Why Revolution Is Good for the Children of Nepal
Revolutionary Worker #1185, February 2, 2003
In recent months there has been a concerted
effort in the press to attack the People's War in Nepal for
so-called "human rights violations against children." Nepalese
officials, newspapers in Nepal and internationally, and various
human rights organizations claim the insurgency is responsible
for the deaths of many children in Nepal and accuse the Maoists
of "recruiting child soldiers" and using children as "human
shields." There have also been widespread reports that thousands
of youth have been fleeing their homes in the countryside
allegedly to avoid being "press ganged" into the People's
A report by the Child Workers in Nepal Concerned
Center (CWIN), widely cited in the press, asserts that: "the
death toll for children under 16 has reached 96 as a consequence
of the war between the Maoists and the government" and "nearly
3,000 children have been displaced from their homes and at
least 1,500 have been orphaned following the conflict."
The Communist Party of Nepal (Maoist) has
been waging armed struggle against the reactionary Nepalese
government since 1996 and has gained mass, popular support
throughout the country. The government admits the Maoists
now control huge areas of the countryside. And in the revolutionary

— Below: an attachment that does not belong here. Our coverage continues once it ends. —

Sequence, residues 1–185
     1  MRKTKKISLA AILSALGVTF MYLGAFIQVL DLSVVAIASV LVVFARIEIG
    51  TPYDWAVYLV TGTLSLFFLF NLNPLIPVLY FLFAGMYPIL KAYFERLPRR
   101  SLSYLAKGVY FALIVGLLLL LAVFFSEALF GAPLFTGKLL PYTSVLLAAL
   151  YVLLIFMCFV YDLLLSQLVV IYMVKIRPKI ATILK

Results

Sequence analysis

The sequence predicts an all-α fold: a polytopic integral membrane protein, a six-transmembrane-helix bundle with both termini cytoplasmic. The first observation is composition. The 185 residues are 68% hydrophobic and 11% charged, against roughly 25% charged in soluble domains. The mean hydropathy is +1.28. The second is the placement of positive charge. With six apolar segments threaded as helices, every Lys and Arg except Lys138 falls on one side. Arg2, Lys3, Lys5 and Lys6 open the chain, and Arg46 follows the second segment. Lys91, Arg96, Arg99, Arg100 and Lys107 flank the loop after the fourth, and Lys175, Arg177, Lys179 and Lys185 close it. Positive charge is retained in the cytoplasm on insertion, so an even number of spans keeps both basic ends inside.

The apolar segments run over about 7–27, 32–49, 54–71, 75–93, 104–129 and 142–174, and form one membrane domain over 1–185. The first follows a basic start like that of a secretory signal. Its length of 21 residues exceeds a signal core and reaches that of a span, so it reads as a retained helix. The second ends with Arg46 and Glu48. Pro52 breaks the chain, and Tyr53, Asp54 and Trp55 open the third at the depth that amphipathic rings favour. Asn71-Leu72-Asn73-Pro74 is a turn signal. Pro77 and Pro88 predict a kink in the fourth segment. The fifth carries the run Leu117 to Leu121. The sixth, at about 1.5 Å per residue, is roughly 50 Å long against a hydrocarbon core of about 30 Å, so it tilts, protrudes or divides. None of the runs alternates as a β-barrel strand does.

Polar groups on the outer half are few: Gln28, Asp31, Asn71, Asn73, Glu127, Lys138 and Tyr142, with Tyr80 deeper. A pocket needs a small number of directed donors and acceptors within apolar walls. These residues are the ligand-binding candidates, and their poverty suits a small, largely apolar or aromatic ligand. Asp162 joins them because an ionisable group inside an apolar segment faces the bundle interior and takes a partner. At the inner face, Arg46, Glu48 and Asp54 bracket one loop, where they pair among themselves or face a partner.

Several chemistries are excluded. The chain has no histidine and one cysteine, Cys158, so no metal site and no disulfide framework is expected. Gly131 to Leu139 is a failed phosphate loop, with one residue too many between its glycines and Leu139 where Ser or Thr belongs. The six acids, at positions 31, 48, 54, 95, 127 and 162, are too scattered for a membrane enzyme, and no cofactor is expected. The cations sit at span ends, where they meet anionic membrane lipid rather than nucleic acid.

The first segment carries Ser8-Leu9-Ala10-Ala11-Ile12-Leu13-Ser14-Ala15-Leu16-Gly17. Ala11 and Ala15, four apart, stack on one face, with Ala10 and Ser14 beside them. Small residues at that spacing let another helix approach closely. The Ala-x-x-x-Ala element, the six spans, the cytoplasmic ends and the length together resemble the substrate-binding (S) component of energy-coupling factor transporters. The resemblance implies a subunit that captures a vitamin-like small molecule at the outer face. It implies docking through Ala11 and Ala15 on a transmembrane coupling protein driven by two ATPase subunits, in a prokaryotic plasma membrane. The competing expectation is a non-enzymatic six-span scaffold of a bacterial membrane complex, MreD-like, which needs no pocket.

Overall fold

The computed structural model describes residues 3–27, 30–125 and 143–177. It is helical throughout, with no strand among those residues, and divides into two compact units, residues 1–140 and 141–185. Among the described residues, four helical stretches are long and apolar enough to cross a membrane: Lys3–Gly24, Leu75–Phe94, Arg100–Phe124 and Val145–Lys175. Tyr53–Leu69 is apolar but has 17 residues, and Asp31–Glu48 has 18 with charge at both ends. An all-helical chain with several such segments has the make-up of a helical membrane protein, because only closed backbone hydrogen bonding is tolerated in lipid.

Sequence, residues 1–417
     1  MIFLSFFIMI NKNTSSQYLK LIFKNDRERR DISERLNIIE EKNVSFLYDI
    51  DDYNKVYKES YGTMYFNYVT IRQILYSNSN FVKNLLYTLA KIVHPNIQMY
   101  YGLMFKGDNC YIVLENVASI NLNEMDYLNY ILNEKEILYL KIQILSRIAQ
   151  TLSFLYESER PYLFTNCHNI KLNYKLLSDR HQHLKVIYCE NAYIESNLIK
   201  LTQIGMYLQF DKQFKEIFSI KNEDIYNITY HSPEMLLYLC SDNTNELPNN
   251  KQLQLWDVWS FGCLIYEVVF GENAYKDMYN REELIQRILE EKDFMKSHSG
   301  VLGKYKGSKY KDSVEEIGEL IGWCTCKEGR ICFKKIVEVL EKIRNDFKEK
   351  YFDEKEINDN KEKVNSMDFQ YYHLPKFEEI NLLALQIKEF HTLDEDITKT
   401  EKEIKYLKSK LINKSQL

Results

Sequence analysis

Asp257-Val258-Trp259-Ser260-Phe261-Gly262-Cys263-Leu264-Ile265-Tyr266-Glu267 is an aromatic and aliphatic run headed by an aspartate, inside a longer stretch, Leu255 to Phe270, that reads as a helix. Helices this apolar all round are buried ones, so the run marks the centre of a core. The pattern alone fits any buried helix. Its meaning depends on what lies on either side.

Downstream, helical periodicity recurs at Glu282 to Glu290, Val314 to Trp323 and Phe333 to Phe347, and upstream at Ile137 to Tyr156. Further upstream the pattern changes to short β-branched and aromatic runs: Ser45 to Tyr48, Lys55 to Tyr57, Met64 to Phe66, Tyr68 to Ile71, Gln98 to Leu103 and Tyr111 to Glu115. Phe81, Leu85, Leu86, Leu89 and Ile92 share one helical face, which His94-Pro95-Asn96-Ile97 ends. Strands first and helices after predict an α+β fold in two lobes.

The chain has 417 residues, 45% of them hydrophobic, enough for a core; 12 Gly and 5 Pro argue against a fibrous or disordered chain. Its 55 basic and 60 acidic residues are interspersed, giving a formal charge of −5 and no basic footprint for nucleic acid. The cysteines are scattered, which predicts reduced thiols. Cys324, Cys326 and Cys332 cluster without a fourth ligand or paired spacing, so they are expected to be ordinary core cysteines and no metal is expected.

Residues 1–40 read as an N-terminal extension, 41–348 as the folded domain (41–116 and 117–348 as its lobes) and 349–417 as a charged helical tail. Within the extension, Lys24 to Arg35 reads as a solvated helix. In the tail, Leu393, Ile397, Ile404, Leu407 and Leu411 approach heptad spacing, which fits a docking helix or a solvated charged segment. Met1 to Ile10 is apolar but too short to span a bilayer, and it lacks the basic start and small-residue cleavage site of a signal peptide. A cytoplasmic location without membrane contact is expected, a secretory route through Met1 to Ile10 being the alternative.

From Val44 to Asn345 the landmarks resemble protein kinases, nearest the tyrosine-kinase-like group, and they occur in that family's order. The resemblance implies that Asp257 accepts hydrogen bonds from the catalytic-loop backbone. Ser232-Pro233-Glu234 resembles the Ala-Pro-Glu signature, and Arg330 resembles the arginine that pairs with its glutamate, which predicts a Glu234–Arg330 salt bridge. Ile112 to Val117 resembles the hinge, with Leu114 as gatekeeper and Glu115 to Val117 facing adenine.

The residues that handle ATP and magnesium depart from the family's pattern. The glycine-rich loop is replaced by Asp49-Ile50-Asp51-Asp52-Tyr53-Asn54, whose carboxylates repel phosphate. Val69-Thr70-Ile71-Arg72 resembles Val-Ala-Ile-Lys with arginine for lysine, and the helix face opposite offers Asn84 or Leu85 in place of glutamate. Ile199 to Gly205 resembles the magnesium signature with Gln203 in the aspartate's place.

base areas where the Maoists have control, poor peasants are
administering a "new people's power" which carries out land
reform and gives women, minorities and lower castes equal
This is a genuine struggle for liberation.
But the government has tried to paint the Maoists in Nepal
as "terrorists." And in the name of "fighting the worldwide
war on terrorism," a number of countries, including the U.S.,
UK, India, China, Russia and Belgium, have given Nepal's government
political and military support for its fight against the Maoists.
With such international backing, the Royal Nepal Army has
stepped up its "search and destroy" campaigns in the countryside
and thousands of people have been killed, arrested, tortured
and jailed. All kinds of constitutional rights have been suspended.
And the government has instituted widespread censorship of
the press and a massive disinformation campaign. The recent
spate of reports about "Maoists abusing children" must be
seen as part of such dishonest efforts aimed at slandering
and discrediting the People's War.
Who is Killing
the Children in Nepal?
"In January of 1996 I was reading in class
9 and the police came to my village to arrest those who were
doing a cultural program in our school. Our teachers were
arrested, and my father and my uncle had already joined the
party and had gone underground. 500 police raided our village
and arrested just about everyone--even the children and old
people. My mother was arrested and I was also arrested and
kept in custody. There was so much repression by the police,
so I joined the cultural team of the party. And because of
the exploitation and oppression of the poor masses, and especially
that suffered by women, I was inspired to find a way to free
the masses from such a situation. I found this was being done
by the CPN (Maoist) so I joined the party."
woman guerrilla interviewed in
Dispatches:Report from the People's War in Nepal
Along the paths in the guerrilla zones there
are many memorials built to revolutionary martyrs who have
been killed by the police. We stop to rest at one small stone
monument under a tree dedicated to Dilbahadur Ramtel. A district
party leader had told me about how this young boy had died:
"The repression was very heavy in the